This decision has been overrulled. An updated blog will be published shortly.
In the newly decided LAT case of J.J. v Jevco Insurance, 2020 CanLII 30393, the newly acquired vehicle provisions of the Ontario Automobile Policy Owner’s Policy (“OAP 1”) was examined as it relates to a claim for accident benefits.
Coverage of newly acquired vehicles is automatically provided for 14 days as outlined in the Ontario Automobile Policy Owner’s Policy (“OAP 1”), the language of such timelines being the crux of this dispute.
While the facts are somewhat in dispute, it was found that the insured, J.J., was interested in purchasing a motorcycle and contacted his broker for a quote. The insured was informed that Jevco does not insure motorcycles and based on J.J.’s poor driving record, he would need to seek coverage through the insurer of last resort, the Facility Association.
J.J. subsequently purchased a motorcycle on July 5, 2016, but did not provide its date of purchase, purchase price, VIN number or make and model of the motorcycle to Jevco.
J.J. was involved in a serious accident on July 11, 2016, despite being made aware that Jevco would not be providing coverage for the motorcycle. Section 2.2.1 of the OAP 1 allows that “…Your newly acquired automobile(s) will be insured as long as you inform us within 14 days from the time of delivery and pay any additional premium required.”
The preliminary issue centered on the interpretation of this provision and, based on the details of this accident, whether J.J. was covered for his newly acquired vehicle. Where J.J. did have coverage as an insured with Jevco, the real question was whether he would be excluded from receiving specified benefits including IRBs by reason of his knowingly operating of an uninsured vehicle.
In reaching his decision that J.J. was covered by Jevco at the time of the accident, Adjudicator D. Gregory Flude looks to earlier case law such as the decision of Hunter Estate v. Thompson, 2003 CanLII 23007 (ON CA).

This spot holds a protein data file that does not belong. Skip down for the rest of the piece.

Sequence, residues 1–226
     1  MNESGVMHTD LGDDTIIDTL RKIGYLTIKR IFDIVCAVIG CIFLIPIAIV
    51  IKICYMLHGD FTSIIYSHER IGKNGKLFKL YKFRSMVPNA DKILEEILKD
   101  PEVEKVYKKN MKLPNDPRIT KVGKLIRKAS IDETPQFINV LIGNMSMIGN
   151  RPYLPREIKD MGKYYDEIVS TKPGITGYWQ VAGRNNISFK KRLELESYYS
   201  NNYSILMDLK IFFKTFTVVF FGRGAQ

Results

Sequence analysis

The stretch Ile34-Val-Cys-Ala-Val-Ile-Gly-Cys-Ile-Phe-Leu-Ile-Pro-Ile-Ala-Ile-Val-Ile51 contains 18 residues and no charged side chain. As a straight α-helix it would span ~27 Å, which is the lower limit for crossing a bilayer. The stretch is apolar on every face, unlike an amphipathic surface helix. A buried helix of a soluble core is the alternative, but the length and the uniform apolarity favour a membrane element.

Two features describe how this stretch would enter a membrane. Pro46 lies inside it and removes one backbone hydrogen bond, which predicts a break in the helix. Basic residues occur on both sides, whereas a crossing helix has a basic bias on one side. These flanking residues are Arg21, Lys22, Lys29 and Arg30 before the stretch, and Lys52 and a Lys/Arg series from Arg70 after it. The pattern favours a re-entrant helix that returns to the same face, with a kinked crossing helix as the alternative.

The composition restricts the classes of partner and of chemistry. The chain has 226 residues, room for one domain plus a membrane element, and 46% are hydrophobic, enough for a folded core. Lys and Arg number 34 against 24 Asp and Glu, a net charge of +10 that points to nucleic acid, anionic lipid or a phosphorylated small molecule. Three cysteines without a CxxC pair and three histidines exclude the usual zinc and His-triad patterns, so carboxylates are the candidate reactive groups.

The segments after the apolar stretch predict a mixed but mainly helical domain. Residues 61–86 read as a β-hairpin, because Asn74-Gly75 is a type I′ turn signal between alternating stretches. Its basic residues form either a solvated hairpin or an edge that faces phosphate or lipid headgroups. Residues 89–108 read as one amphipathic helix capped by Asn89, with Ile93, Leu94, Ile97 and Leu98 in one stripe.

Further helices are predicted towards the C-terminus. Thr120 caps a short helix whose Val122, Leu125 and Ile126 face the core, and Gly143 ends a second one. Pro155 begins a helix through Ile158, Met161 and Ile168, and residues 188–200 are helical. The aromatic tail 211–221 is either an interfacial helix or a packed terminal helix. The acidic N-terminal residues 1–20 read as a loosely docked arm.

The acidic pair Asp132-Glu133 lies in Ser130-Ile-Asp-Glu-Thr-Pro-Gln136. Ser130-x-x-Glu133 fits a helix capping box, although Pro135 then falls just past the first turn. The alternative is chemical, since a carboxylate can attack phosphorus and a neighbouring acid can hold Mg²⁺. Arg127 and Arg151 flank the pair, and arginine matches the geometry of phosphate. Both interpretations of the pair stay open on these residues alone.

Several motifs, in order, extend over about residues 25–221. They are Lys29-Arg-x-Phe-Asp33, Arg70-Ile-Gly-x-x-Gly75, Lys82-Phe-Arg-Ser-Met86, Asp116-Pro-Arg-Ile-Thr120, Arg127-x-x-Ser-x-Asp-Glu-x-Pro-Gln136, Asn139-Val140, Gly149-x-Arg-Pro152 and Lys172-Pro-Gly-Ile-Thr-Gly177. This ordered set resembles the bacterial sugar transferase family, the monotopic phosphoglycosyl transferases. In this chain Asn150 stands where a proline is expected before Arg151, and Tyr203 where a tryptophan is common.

Specifically citing the Hunter case, Adj. Flude noted “as on the current facts, the insured had paid the premium for coverage with Jevco, and this coverage includes the 14 days of automatic coverage for a newly acquired vehicle. Additional premium only comes into play for insurance beyond the 14 days”. This interpretation by Adj. Flude aligned with the Applicant’s argument that “in underwriting the original policy, the insurance company was aware of the 14-day newly acquired automobile provisions and factored that risk into their premium calculation”.
In turning to the OAP 1 itself, Adj. Flude found that “Section 2.2.1. speaks to newly acquired automobiles. It does not limit itself to like automobiles or automobiles intended for a similar use. Had that been the intention of the drafters of the policy, it would have been explicitly stated. The policy defines the coverage. Jevco must be understood to have known the risk it was covering and that a newly acquired vehicle might be a motorcycle, notwithstanding that it does not cover motorcycles. It must therefore be taken to have factored the risk of covering a motorcycle for a 14-day period into its premium calculations.”
Therefore, despite Jevco not insuring motorcycles and not being aware of J.J.’s recent purchase of one, the mere fact that J.J had an existing policy with premiums paid in conjunction with the OAP 1’s wording, Jevco accepted the risk of covering a new vehicle, albeit only for a 14 day window without binding additional coverage. Consequently, where the accident happens within that 14 day window, coverage must be provided.
It remains to be seen whether this interpretation is the correct one, as the decision is being appealed. Until then, Insurers must be aware of the risks associated with newly acquired vehicles, whether they choose to insure those vehicles or not.